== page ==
The immune system is a host defense system comprising many biological structures and processes within an organism that protects against disease. To function properly, a system must detect a wide variety of agents, known as pathogens, from viruses to parasitic worms. In many species, the system can be classified into subsystems, such as the innate immune system versus the adaptive immune system. In humans, the barrier, blood–cerebrospinal fluid barrier, and similar fluid–brain barriers separate the peripheral immune system from the neuroimmune system. Even simple unicellular organisms such as bacteria possess a rudimentary immune system in the form of enzymes that protect against bacteriophage infections, other basic immune mechanisms evolved in ancient eukaryotes and remain in their modern descendants, such as plants and invertebrates. These mechanisms include phagocytosis, antimicrobial peptides called defensins, and the complement system, jawed vertebrates, including humans, have even more sophisticated defense mechanisms, including the ability to adapt over time to recognize specific pathogens more efficiently. Adaptive immunity creates immunological memory after a response to a specific pathogen. This process of acquired immunity is the basis of vaccination, disorders of the immune system can result in autoimmune diseases, inflammatory diseases and cancer. Immunodeficiency occurs when the system is less active than normal. In humans, immunodeficiency can either be the result of a disease such as severe combined immunodeficiency, acquired conditions such as HIV/AIDS. In contrast, autoimmunity results from an immune system attacking normal tissues as if they were foreign organisms. Common autoimmune diseases include Hashimotos thyroiditis, rheumatoid arthritis, diabetes mellitus type 1, immunology covers the study of all aspects of the immune system. Immunology is a science that examines the structure and function of the immune system and it originates from medicine and early studies on the causes of immunity to disease. The earliest known reference to immunity was during the plague of Athens in 430 BC, thucydides noted that people who had recovered from a previous bout of the disease could nurse the sick without contracting the illness a second time. In the 18th century, Pierre-Louis Moreau de Maupertuis made experiments with scorpion venom and observed that certain dogs and this and other observations of acquired immunity were later exploited by Louis Pasteur in his development of vaccination and his proposed germ theory of disease. Pasteurs theory was in opposition to contemporary theories of disease. It was not until Robert Kochs 1891 proofs, for which he was awarded a Nobel Prize in 1905, viruses were confirmed as human pathogens in 1901, with the discovery of the yellow fever virus by Walter Reed. Immunology made an advance towards the end of the 19th century, through rapid developments, in the study of humoral immunity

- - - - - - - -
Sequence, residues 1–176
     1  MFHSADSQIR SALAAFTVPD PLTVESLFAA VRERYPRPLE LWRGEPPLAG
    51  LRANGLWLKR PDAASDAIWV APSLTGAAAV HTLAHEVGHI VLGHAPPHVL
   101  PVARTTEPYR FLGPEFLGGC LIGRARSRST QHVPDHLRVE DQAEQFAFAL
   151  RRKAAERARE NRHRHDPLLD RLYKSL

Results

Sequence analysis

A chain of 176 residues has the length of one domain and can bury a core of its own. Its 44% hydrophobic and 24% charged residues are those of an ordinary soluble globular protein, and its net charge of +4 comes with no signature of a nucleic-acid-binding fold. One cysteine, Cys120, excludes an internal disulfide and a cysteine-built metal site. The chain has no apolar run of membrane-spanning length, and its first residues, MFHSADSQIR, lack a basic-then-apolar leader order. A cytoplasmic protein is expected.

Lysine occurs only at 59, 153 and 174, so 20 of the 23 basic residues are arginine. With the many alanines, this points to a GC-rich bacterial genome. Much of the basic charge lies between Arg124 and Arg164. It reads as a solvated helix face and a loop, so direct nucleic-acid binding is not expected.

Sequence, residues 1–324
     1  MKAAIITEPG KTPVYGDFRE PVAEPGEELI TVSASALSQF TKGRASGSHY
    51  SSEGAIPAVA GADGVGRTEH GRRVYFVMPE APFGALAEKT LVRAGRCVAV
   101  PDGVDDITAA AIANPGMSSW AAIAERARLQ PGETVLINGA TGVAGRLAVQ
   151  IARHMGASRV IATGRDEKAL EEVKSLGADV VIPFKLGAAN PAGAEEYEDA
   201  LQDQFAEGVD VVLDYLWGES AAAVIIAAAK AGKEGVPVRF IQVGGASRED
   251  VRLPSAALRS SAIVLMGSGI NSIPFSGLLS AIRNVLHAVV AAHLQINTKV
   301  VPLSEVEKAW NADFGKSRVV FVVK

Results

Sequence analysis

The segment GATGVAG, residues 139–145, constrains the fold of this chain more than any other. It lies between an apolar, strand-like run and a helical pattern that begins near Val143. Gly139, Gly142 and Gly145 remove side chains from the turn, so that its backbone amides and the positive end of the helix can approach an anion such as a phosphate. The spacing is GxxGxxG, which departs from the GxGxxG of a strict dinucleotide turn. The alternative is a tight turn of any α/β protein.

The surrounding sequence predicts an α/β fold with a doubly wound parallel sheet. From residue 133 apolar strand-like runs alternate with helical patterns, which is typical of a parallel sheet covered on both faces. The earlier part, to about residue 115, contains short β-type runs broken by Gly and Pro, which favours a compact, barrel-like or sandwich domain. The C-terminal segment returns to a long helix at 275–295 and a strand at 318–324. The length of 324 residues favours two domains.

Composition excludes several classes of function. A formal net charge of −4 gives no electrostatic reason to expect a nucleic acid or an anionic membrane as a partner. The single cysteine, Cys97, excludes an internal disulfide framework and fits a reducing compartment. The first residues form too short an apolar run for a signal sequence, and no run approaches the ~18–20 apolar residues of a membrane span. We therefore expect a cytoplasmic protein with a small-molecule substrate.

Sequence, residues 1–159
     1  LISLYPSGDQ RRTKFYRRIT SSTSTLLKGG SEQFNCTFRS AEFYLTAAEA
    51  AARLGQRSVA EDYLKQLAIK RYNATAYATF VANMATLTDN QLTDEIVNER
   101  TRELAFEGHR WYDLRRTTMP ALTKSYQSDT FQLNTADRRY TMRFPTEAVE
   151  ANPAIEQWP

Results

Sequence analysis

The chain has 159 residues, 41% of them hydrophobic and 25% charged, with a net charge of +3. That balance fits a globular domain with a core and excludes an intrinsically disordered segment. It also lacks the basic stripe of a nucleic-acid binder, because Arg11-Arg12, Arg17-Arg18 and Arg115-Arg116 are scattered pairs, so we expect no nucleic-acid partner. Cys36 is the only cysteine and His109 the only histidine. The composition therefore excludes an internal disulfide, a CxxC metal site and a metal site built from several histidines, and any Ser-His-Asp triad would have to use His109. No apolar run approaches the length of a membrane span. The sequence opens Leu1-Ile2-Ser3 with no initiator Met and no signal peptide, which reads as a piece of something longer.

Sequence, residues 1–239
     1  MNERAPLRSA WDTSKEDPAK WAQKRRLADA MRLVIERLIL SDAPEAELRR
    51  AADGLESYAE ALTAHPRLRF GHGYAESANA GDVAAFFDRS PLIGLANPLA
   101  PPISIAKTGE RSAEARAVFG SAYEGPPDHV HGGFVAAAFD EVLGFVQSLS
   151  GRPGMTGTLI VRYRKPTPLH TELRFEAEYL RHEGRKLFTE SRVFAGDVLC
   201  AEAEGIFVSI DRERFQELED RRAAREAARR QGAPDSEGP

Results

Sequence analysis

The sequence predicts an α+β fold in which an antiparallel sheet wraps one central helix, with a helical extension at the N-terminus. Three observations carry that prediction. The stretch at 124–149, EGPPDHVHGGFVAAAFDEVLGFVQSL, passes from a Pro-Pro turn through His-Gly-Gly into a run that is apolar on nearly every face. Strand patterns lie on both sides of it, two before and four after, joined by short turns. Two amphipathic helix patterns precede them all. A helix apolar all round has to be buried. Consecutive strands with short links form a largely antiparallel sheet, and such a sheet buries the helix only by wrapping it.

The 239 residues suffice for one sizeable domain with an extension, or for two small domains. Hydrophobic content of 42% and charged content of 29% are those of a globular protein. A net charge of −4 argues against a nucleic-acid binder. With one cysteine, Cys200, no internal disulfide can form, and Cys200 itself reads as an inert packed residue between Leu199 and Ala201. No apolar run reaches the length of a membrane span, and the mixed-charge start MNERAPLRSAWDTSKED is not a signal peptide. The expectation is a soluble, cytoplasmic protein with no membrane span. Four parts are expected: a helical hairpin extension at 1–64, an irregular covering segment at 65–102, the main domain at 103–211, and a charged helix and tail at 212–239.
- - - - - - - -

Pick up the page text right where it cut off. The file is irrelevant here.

Function of T helper cells: Antigen-presenting cells (APCs) present antigen on their Class II MHC molecules (MHC2). Helper T cells recognize these, with the help of their expression of CD4 co-receptor (CD4+). The activation of a resting helper T cell causes it to release cytokines and other stimulatory signals (green arrows) that stimulate the activity of macrophages, killer T cells and B cells, the latter producing antibodies. The stimulation of B cells and macrophages succeeds a proliferation of T helper cells.
The time-course of an immune response begins with the initial pathogen encounter, (or initial vaccination) and leads to the formation and maintenance of active immunological memory.